Air Passenger Duty (APD) is soon to be reviewed and possibly be replaced with a flat £7 rate for all domestic flights. This in effect will see the tax being cut by half.
A government consultation will take place this spring and look at all options, including a new lower rate for domestic flight segments.
The news has been applauded by the airline industry who have been urging the government to reduce this tax which they believe is partly to blame for the demise of regional airline Flybe.
PM Boris Johnson said he wants to reduce air passenger duty on domestic flights to help ‘support connectivity’ across the nation in order for a speedier post-pandemic recovery. APD is the only tax on air tickets on which no tax or VAT is paid.
For airlines such as Easyjet and Ryanair who operate a large number of domestic flights, the reduction could prove to be the journey back profit and maybe even lower fares passengers
However, there is an anomaly that will be addressed by this move. APD is currently charged at a minimum of £13 per passenger for flights from a UK airport. That means for a return domestic flight £26 is charged.
it is “bizarre” that you could pay less tax on a flight from London to Barcelona than a flight from London to Edinburgh
Yet anyone flying out of a UK airport to a destination in Europe will be paying tax on the outward bound flight only meaning it is only paid once when travelling abroad.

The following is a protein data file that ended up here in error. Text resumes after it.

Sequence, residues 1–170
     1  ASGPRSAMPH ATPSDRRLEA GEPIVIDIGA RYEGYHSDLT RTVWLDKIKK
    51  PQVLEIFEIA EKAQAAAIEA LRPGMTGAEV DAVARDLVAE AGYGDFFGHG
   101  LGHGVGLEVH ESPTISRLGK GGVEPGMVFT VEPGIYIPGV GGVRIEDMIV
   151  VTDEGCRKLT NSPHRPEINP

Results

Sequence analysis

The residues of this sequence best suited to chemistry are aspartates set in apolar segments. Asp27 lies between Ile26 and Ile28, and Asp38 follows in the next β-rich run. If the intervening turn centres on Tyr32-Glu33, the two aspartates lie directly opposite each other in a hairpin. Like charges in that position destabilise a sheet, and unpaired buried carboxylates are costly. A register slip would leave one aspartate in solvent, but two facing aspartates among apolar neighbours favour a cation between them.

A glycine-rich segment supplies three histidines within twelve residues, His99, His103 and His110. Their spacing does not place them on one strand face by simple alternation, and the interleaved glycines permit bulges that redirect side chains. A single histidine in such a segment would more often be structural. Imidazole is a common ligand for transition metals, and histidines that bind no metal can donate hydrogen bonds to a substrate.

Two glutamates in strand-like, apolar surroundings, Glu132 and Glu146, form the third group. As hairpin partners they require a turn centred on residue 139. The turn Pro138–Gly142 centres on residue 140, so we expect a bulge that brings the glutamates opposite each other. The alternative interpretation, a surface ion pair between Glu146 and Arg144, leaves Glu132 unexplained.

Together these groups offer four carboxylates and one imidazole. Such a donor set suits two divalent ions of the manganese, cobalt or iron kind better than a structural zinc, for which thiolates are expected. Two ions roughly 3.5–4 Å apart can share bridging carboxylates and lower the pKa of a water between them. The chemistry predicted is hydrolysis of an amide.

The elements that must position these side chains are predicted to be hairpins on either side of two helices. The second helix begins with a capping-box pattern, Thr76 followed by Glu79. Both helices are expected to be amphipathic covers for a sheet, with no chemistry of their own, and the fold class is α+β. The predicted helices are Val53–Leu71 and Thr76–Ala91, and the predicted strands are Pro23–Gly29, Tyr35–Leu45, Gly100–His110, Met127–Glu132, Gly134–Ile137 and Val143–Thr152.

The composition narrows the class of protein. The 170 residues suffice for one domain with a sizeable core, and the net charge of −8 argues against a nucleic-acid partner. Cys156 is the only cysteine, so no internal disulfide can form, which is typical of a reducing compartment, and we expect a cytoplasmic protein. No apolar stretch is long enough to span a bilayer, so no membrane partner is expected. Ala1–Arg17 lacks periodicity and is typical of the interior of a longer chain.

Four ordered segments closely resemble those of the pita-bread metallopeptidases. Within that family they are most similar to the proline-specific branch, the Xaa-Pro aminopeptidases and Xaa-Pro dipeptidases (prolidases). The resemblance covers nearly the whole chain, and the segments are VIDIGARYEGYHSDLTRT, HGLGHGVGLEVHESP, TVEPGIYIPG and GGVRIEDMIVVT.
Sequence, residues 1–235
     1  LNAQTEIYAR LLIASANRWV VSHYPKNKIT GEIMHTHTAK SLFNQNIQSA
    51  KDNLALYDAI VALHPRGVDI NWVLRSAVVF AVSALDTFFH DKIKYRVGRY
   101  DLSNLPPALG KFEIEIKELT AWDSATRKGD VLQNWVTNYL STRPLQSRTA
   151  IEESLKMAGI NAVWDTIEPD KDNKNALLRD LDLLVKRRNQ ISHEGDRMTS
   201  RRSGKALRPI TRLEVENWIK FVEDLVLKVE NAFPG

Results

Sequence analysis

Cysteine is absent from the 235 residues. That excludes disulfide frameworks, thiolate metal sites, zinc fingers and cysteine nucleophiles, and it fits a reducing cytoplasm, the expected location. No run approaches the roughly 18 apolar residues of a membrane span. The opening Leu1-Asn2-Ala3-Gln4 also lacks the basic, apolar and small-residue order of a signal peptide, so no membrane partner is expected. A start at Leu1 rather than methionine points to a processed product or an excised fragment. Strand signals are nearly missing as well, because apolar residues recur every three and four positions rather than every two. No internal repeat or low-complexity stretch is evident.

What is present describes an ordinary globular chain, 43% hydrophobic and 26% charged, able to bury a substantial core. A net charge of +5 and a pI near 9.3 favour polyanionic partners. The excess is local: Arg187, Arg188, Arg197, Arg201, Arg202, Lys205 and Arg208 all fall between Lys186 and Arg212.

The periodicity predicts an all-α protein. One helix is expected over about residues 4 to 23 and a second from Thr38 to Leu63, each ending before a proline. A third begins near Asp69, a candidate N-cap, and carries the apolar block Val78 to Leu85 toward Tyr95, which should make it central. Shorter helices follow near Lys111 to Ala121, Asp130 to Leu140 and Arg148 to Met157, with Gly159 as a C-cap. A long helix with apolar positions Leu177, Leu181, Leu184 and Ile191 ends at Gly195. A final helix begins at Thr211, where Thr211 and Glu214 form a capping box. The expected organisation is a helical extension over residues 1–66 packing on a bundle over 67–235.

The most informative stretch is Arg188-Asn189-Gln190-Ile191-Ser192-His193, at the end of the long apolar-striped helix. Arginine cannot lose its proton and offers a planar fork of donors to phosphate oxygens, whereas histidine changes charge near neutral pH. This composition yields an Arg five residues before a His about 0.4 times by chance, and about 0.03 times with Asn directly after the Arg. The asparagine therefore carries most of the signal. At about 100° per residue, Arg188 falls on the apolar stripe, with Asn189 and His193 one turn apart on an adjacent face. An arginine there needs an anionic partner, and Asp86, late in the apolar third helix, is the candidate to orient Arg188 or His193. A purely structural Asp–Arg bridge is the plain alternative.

According to Grant Shapps Secretary of State for Transport, this is the wrong way round.
Speaking on Sky News, he said it was “bizarre” that he could pay less tax on a flight from London to Barcelona than a flight from London to Edinburgh.
Airport Operators Association Chief Executive Karen Dee said:
“Domestic aviation suffered a double-hit in the last year, with the collapse of Flybe and the Covid-19 pandemic, and this offers a glimmer of hope for the future.”
BALPA General Secretary Brian Strutton said:
“We welcome the Government’s announcement of a consultation on reform of domestic APD. It is important that domestic connectivity is reinvigorated post-Covid as this is something which can really help power our economic recovery.
“The double taxation of domestic flights is an anomaly which is a real barrier to new routes being established and new connections being made between the regions and nations of the UK.”
Not everyone was pleased. Dr Doug Parr, chief scientist for Greenpeace UK said:
While the move is welcomed by the aviation industry, it was slammed by green groups.
“A reduction in APD would continue our nonsensical trend of the higher the carbon, the lower the tax”
The changes would apply to England and Wales as Scotland and Northern Ireland already have the power to vary APD from their airports.
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